by Nathan on September 4, 2012 (Movies)
Spider-Man has been handled by two different directors in film. Sam Raimi (known more for his horror films) did the spectacular trilogy which sported such ground-shaking titles like Spider-Man, Spider-Man 2, and Spider-Man 3. Marc Webb (who, I think, was chosen just because of his name...I mean, it's perfect!) did the recent Amazing Spider-Man, which beats Raimi's movies in the title department by only a hair's breadth. But enough jokes. This blog will go over Raimi's first movie and ASM. I personally like the first Spider-Man a bit better, but this isn't a contest. I'll go over various points about each movie. Like I said, this isn't a contest; this is more like my explanation/discussion type blogs. Sounds good? Great. The Raimi Spider-Man Trilogy consists of three of my favorite Marvel movies, but the Webb flicks are shaping up to be pretty good themselves. So, grab your web-shooters and let's get swinging (as always, there will be spoilers).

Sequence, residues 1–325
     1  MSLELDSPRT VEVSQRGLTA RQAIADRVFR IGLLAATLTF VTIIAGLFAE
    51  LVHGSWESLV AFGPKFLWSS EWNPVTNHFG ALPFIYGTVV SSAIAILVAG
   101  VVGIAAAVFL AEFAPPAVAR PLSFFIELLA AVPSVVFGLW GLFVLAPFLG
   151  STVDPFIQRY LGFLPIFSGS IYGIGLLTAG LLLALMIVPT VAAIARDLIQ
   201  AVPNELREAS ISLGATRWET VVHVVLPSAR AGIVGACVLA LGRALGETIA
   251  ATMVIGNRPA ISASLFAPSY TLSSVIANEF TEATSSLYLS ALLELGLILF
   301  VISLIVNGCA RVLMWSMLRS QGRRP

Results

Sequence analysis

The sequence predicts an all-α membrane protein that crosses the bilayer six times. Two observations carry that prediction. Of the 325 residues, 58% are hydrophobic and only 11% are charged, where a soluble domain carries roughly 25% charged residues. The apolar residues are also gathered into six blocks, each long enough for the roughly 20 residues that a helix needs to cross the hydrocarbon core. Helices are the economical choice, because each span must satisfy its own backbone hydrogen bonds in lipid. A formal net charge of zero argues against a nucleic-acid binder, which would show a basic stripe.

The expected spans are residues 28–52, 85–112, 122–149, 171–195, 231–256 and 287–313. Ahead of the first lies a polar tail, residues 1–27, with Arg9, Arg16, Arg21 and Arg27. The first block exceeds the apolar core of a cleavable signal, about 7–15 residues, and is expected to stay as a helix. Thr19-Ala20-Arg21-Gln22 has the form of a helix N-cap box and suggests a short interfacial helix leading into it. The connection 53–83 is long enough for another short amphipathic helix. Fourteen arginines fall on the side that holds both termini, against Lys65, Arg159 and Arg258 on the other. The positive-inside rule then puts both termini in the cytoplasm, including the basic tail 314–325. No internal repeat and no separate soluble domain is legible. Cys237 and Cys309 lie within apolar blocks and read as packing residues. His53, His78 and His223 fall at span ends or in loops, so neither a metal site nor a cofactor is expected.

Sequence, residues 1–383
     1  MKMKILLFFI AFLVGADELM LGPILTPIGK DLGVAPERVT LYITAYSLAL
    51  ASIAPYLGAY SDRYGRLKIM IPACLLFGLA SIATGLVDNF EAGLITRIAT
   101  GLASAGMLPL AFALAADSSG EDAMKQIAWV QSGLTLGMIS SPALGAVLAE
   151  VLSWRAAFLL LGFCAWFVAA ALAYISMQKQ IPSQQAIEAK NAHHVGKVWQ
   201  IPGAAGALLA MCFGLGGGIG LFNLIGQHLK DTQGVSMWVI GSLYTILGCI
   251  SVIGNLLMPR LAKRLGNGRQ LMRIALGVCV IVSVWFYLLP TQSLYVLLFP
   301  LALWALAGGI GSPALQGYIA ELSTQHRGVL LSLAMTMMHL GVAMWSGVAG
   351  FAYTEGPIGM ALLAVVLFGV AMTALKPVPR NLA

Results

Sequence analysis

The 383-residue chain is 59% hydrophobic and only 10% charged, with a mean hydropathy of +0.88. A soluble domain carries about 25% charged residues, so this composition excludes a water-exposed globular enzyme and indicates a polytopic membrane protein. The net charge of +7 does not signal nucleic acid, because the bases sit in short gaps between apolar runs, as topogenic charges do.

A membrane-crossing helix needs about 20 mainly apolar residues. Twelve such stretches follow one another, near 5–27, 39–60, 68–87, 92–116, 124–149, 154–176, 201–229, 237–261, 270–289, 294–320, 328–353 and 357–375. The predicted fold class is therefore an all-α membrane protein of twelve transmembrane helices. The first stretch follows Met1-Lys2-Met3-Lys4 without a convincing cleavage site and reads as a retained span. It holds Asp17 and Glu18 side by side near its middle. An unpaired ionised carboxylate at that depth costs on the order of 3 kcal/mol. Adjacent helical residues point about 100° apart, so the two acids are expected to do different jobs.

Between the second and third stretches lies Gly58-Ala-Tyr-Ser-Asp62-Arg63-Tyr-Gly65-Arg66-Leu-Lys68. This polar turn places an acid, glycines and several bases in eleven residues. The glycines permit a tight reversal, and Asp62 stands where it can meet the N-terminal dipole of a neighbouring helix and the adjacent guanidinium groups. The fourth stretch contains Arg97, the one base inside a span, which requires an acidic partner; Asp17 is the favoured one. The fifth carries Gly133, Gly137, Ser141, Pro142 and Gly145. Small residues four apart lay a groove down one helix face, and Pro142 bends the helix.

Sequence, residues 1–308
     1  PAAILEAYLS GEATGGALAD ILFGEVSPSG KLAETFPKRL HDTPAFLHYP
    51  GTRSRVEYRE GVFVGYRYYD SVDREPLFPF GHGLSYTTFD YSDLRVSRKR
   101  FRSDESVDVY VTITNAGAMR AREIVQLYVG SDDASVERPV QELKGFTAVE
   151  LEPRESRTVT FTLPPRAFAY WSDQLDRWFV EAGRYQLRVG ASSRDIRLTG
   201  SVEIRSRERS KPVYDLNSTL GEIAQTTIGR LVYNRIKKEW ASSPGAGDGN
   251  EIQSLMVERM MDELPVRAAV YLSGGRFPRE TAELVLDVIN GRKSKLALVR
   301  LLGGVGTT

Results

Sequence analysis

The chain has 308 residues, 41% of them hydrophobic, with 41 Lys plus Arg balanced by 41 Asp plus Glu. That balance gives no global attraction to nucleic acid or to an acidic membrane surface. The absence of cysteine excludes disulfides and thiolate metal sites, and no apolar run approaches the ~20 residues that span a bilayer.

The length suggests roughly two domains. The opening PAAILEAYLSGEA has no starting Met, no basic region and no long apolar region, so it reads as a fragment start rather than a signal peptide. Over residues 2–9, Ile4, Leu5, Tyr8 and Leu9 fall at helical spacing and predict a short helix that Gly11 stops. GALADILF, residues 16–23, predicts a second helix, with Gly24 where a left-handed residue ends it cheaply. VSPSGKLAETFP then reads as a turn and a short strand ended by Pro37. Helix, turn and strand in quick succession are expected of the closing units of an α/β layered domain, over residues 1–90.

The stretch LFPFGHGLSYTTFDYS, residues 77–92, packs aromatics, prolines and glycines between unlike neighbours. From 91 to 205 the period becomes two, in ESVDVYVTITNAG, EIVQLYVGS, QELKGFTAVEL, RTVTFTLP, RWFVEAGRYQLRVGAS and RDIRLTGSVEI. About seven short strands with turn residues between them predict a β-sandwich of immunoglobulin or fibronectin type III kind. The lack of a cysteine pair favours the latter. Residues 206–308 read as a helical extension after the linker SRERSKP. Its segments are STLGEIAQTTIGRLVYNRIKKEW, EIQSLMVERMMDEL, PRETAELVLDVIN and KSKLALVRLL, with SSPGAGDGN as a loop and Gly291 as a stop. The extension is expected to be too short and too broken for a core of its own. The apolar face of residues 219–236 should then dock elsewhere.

ORIGIN: Peter Parker, all around high school nerd, gets bit by a radioactive spider, which grants him superhuman powers, including strength and the ability to scale walls. Both movies follow this same idea, but in different ways. In Spider-Man, Peter Parker is on a class field trip when he gets bitten. In ASM, Peter is at OsCorp, trying to learn more about his parents from Dr. Curt Connors, when he gets bitten after sneaking into a room he finds interesting because of a similarity between a sign and something on notes of his father's. What I didn't really like about ASM's origin is the fact that Peter has to break some rules. At first, he lies about being an intern and then he goes off sneaking. Yes, it could be painting a picture of humans and their flaws, but it just didn't sit right with me. Both movies also have the escaping burglar, whom Peter allows to get away, who then kills Uncle Ben. I think ASM painted that better, because Uncle Ben is shot seconds after Peter allows him to escape. I think that was poignant. However, ASM lacks both the capture of said burglar as well as the famous "with great power comes great responsibility" lesson.